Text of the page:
In an upcoming book called Star Wars: The Secrets of the Jedi, Luke Skywalker reveals his knowledge of the Jedi history, including Ahsoka Tano.
In a recently teased book titled Star Wars: The Secrets of the Jedi, Luke Skywalker is your guide through the history of the Jedi, and in more ways than just their principles and how their weapons are made.
Luke takes readers through a history of many prominent characters in Star Wars lore, including his father’s apprentice Ahsoka Tano.
Ahsoka, famously nicknamed “Snips” by Anakin, became one of the first characters we know of to willingly walk away from the Jedi for reasons other than becoming a Sith or going to the Dark Side of the Force, at least in canon.
Ahsoka felt betrayed by the Jedi when she was accused of murder, and it seemed no one in the Order believed she was innocent except Anakin. When Anakin finally proved her innocence and the Jedi offered to welcome her back, Ahsoka declined and sort of lived on her own for a long time.
She had her share of adventures between the time she left the Jedi and when she became a critical piece of the Rebellion prior to A New Hope, but Ahsoka is one of only two people in the galaxy to bring forth Anakin Skywalker after Darth Vader declared that Anakin was dead… She and Luke. That’s all.
Kylo Ren seems to be reverting to his old self in Star Wars: The Rise of Skywalker - which means J.J. Abrams could be ditching some key aspects of Star Wars: The Last Jedi's portrayal. There's a sense in which Kylo Ren has always been defined by his past.
Ben Solo grew up believing his family were all heroes, but his world was shaken when he learned that his grandfather was really Darth Vader, Dark Lord of the Sith. This seems to have been the key to Ben's fall to the dark side, as he developed an unhealthy reverence for Darth Vader.
Rian Johnson decided to take a very different approach with Star Wars: The Last Jedi. There, Kylo Ren's entire arc revolved around his realizing that the past was holding him back. "It's time to let old things die," he told Rey, attempting to persuade her to join him.
"Snoke, Skywalker. The Sith, the Jedi, the Rebels... Let it all die." Ironically, in the end Kylo Ren proved unable to take his own advice; he lost his temper when he saw Luke Skywalker, and unwittingly allowed the Resistance to escape.
Rise of Skywalker is “Episode IX” which marks the end of regular Star Wars movies as we know them. Back in the eighties, Star Wars creator George Lucas often said that the classic trilogy of films was actually just one part of a larger story consisting of a “trilogy of trilogies.” But, after Lucas created Episodes I, II and III from 1999-2005, he changed his mind and decided that Episode VI: Return of the Jedi — was a decent place to end the story. In 2004, Lucas inserted a digital Hayden Christesen as the ghost of Anakin Skywalker and called it a day. But, then, in 2012, Lucas sold his company — Lucasfilm — to Disney and the rest is history. Since 2015, there have been four new Star Wars movies; The Force Awakens, Rogue One, The Last Jedi, and Solo. But, only two these (Force Awakens and Last Jedi) have had the traditional episode numbers at the beginning. So, The Rise of Skywalker is a sequel to Episode VIII: The Last Jedi, but also the conclusion of ALL the episodes, beginning with Episode I: The Phantom Menace. After Rise of Skywalker, it seems like the will no longer be Star Wars movies with episode numbers, meaning the 2022 Star Wars movies will be organized differently.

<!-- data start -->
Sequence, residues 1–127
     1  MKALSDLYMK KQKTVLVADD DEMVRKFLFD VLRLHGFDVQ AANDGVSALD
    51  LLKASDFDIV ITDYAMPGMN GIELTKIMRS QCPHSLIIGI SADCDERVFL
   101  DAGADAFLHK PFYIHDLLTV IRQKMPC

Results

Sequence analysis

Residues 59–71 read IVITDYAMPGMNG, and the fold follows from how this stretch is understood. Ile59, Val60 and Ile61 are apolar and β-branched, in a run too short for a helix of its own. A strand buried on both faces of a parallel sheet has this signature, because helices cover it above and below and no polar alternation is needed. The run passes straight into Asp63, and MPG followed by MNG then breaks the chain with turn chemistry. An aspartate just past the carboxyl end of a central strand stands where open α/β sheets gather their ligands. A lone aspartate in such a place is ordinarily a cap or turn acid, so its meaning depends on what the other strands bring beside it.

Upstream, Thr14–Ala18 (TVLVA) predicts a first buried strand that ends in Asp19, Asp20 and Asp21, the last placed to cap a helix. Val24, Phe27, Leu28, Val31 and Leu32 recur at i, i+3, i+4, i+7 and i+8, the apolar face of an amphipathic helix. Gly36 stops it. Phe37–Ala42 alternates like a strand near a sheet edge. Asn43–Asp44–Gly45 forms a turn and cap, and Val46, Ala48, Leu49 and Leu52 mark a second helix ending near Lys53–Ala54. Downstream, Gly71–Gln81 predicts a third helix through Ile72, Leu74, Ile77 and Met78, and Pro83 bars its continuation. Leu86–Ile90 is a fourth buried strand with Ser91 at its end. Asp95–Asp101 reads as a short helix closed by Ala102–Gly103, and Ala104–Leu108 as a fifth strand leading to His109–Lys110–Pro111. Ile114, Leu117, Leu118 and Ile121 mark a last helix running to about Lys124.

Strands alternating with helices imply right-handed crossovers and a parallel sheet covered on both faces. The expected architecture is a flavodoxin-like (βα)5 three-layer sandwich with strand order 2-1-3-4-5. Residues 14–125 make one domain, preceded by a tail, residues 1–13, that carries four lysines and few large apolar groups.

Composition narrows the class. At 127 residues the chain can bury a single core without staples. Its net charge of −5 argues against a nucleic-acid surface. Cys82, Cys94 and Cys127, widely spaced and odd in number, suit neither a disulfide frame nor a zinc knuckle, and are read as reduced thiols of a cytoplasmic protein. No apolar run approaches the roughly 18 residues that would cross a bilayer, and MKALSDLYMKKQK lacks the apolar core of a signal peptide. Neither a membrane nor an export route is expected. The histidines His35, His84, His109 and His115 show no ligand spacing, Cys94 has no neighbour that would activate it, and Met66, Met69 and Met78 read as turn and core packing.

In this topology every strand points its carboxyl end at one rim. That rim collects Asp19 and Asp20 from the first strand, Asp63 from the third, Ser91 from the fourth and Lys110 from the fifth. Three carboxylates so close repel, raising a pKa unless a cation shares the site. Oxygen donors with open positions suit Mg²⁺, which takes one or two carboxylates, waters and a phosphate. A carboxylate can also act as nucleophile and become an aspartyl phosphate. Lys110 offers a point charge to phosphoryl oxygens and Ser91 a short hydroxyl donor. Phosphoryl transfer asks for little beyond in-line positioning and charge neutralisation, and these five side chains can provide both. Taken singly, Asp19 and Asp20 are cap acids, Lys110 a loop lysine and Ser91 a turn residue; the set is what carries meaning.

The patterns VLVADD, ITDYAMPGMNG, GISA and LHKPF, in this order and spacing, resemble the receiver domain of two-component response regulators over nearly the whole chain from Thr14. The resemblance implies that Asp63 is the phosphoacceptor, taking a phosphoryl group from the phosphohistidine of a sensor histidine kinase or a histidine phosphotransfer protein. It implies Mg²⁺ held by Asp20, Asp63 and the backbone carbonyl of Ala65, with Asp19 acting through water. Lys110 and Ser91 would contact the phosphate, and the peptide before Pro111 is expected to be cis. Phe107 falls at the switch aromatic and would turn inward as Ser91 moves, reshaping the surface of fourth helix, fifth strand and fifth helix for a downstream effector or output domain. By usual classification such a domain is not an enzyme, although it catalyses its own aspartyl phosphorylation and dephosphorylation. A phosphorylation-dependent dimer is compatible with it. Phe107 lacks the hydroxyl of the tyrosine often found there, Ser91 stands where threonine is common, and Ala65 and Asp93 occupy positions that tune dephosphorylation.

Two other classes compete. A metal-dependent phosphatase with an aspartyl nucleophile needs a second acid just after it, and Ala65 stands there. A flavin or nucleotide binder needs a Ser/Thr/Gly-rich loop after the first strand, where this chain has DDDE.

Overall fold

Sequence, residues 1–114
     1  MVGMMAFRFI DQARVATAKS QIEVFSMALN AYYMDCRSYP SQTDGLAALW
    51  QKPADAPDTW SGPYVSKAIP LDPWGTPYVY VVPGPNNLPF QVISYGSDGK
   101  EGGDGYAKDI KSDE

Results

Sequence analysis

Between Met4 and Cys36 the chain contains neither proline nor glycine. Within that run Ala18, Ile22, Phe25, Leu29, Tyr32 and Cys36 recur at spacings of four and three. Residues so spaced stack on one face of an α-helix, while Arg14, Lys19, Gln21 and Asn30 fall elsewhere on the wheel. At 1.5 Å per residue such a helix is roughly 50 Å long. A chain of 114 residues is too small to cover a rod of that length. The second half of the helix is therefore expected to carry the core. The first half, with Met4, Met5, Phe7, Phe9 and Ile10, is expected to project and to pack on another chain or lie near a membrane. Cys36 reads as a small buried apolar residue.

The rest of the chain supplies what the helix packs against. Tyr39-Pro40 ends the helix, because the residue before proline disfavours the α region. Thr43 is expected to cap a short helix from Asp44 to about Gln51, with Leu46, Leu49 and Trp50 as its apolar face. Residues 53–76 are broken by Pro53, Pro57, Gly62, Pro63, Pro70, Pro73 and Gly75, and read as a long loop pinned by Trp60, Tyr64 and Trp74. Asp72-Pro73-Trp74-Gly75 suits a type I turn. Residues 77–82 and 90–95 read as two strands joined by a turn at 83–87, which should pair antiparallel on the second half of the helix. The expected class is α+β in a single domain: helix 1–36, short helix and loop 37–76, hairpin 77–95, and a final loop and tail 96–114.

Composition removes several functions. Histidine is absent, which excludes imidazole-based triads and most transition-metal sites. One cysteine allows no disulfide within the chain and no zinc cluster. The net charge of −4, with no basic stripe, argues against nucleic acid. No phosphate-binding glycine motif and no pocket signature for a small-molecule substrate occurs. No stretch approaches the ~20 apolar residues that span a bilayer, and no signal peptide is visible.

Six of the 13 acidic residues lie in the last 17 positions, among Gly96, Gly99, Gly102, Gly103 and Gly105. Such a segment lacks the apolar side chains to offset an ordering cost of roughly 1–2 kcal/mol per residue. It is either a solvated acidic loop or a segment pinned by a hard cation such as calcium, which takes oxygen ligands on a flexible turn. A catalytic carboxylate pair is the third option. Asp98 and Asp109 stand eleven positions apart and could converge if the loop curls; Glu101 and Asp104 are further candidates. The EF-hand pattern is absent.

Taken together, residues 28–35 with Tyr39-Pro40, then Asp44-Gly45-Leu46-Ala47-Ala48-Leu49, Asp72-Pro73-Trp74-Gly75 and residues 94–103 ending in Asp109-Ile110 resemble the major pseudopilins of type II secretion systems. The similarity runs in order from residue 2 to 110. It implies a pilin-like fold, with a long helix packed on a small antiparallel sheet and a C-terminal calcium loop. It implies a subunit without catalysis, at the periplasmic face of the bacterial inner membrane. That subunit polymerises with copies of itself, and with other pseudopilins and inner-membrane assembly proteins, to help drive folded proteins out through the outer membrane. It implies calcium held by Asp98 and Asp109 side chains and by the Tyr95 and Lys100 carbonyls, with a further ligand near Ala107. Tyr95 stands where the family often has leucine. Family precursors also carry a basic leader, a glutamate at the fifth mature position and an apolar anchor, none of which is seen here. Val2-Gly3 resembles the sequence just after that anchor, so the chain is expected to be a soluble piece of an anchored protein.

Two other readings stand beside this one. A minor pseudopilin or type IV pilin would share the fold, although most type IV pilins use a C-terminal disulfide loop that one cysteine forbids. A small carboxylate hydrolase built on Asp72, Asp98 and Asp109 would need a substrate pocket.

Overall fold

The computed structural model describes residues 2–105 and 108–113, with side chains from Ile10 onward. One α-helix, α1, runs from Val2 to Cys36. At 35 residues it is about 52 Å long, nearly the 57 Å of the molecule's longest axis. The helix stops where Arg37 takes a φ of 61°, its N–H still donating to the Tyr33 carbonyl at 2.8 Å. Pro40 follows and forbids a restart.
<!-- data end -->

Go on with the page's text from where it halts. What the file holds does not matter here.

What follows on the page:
You can tell your children whatever you want about how Star Wars was written and created, but the fact of the matter is, literally all of Star Wars, including the original trilogy, was kind of made-up as it went along. George Lucas has gone on record saying that he wasn’t sure when Darth Vader would have been revealed as Luke’s father originally, and early drafts of the script for the Empire Strikes Back confirm this: At some point in the drafting process, screenwriter Leigh Brackett hadn’t even been told (or Lucas hadn’t decided?) if Vader was Luke’s father at all. This bit of trivia is a good microcosm for how to think about the new movies, too. Originally, J.J. Abrams was only supposed to direct The Force Awakens, but then, after Lucasfilm fired Jurassic World director Colin Trevorrow from working on Episode IX, Abrams was brought back in to direct and co-write the movie. Abrams co-wrote Rise of Skywalker with a guy named Chris Terrio, whose previous credits include Justice League and Batman Vs Superman, so take that however you want.
Complicating matters further is the fact that obviously, no one at Lucasfilm knew Carrie Fisher would tragically pass away in 2016. Statements from Lucasfilm suggest the story for Episode IX would have been very different had Fisher been alive to play Leia again. Finally, Rian Johnson certainly didn’t write The Last Jedi with the knowledge that Fisher would die or that Trevorrow would be fired, meaning, the events of The Last Jedi could be seen as slightly incongruous with whatever Abrams cooks up.
The footage starts with a shot from the initial teaser of Kylo Ren giving a Rock Bottom to a black-garbed figure in a forest. Then we get our first new bit of footage as Oscar Isaac’s Poe Dameron repels from atop a spaceship inside a large hangar, followed by a shot of him inside a command center.
We see another shot from the first teaser, this time of Daisy Ridley’s Rey standing in the desert. Then we get a quick cut to John Boyega’s Finn standing inside a structure with daylight shining in from above as Rey tell him, “It’s too dangerous.” Then we see the pair talking in the same shot and Rey continues and says, “I have to go alone.”